The necessity to have such a Council Conclusion has also been formerly requested by the Council of the European Union, outlining timelines, objectives and concrete measures to reflect the 2030 Agenda in all relevant EU internal and external policies, considering the global impacts of the EU’s domestic actions.

The Federal Countries (Bundesländer) called for a comprehensive implementation framework, too. The Federal Council (legislative body that represents the Bundesländer) has adopted a resolution on EU policy for sustainable development already in 2017.

As EU action plays an important role in many of the relevant policy areas (agricultural and environmental policy, development cooperation and foreign trade), the European comprehensive concept is crucial to ensure that Europe makes an effective contribution to implementation of the Sustainable Development Goals. The latter is also laid down as an objective in the Treaty on European Union (Art. 3 par. 3 second sentence). The Federal Government is of the view that activities at the EU level and activities in the Member States should be complementary and mutually reinforcing.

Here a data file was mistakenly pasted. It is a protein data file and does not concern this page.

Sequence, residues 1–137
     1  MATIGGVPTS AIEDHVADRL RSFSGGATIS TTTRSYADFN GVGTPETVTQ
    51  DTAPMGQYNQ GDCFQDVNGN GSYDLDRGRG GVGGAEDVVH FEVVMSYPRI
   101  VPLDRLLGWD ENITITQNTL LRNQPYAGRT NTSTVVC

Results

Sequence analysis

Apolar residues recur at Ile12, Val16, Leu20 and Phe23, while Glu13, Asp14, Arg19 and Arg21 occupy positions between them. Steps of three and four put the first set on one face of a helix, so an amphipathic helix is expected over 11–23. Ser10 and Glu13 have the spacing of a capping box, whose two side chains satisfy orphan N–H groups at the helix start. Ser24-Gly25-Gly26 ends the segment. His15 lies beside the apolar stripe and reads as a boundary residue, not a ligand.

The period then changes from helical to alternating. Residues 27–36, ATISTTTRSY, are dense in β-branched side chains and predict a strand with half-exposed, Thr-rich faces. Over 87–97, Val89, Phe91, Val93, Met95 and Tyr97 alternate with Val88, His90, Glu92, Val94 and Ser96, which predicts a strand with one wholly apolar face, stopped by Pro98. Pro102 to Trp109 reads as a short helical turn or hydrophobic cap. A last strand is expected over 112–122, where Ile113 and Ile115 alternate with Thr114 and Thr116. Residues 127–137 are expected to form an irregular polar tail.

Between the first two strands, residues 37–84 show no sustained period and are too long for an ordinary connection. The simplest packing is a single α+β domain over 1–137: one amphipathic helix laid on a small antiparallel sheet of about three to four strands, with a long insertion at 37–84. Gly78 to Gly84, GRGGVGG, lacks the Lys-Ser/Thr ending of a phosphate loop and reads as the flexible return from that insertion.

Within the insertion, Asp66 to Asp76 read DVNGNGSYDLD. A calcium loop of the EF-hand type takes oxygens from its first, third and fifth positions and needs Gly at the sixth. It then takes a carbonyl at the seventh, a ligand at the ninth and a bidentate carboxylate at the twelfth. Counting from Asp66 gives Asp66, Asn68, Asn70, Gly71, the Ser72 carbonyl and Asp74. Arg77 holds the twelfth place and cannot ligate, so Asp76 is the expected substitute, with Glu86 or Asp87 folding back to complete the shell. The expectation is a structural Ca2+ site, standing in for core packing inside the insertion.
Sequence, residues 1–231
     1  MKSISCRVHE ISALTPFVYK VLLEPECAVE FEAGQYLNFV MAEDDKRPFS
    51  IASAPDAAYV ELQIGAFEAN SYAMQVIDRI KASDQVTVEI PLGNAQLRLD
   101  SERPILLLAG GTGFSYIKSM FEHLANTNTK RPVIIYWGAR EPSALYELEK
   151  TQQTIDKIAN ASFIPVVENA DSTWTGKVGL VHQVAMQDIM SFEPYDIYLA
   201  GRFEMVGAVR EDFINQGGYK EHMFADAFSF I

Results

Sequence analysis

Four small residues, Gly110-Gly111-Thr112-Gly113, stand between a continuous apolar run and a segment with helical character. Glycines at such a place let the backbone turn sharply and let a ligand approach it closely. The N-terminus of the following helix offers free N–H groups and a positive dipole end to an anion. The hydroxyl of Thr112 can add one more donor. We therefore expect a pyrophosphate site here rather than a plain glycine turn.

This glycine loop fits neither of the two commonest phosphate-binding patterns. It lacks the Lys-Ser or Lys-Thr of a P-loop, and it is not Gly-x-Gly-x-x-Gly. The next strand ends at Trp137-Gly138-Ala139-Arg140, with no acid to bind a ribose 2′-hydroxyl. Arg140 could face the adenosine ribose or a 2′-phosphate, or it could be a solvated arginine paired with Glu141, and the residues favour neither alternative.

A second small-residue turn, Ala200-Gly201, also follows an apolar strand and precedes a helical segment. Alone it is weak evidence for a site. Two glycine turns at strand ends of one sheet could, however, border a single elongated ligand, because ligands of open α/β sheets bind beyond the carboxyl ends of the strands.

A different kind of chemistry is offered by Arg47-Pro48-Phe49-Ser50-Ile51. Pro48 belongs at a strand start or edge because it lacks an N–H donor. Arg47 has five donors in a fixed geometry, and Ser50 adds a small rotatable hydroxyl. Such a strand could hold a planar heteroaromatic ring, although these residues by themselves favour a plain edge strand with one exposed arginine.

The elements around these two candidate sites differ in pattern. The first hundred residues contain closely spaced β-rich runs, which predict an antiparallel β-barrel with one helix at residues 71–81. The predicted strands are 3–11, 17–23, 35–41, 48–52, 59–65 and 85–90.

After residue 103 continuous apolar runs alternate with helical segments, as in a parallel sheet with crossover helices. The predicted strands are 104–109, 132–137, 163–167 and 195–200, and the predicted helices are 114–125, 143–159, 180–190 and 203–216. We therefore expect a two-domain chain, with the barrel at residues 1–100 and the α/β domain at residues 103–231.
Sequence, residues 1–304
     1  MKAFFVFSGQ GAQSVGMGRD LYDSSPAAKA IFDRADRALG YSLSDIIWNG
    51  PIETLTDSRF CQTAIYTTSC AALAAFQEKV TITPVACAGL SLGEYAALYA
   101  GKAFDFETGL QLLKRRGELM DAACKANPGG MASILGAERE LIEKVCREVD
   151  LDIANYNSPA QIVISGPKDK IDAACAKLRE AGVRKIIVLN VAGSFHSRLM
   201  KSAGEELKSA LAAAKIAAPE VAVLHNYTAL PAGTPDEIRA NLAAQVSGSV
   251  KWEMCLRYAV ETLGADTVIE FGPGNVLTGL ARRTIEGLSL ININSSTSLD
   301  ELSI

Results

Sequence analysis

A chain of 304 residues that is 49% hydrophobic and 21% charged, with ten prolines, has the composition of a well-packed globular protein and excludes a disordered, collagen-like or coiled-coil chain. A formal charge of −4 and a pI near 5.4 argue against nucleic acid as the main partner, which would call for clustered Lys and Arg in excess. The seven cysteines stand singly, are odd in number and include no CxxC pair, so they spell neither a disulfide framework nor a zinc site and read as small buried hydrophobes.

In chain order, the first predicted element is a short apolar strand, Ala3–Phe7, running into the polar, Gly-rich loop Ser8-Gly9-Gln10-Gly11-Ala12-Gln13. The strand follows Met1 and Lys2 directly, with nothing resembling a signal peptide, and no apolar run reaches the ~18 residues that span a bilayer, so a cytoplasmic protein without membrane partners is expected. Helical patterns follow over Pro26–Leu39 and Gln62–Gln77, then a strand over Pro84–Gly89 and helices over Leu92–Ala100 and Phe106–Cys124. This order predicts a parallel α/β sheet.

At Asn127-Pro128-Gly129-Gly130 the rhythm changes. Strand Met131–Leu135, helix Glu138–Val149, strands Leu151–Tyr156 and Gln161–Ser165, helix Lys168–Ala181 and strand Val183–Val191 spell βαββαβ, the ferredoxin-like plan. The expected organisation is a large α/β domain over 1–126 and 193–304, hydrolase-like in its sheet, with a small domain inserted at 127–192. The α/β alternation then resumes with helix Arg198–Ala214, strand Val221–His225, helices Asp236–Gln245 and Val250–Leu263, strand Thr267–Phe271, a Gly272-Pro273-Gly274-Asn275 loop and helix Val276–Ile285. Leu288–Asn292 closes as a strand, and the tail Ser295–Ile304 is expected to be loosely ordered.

With the European Green Deal, the Commission has put forward a new European model for the future in which, by 2050, Europe is to become a climate-neutral, resource-conserving continent with a fair and prosperous society as well as a modern, resource-efficient and competitive economy.

The Federal Government took over the Presidency of the Council of the European Union from 1st July to 31 December 2020. In its Presidency Programme, Germany determined the 2030 Agenda to be one of the guiding principles of its presidency. The aforementioned presentation of the Commission’s plan in November 2020 meant that the implementation of the 2030 agenda was advanced during the German presidency. Moreover, the presidency was structured along sustainable lines and was used to advance dossiers that make a difference to sustainable development. In connection with the European Green Deal, these included the Climate Law, the Biodiversity and Forests Strategy, the Circular Economy Action Plan, the Chemicals Strategy for Sustainability, and in the food sector the Farm-to-Fork Strategy, as well as initiatives concerning the digital transformation and sustainability.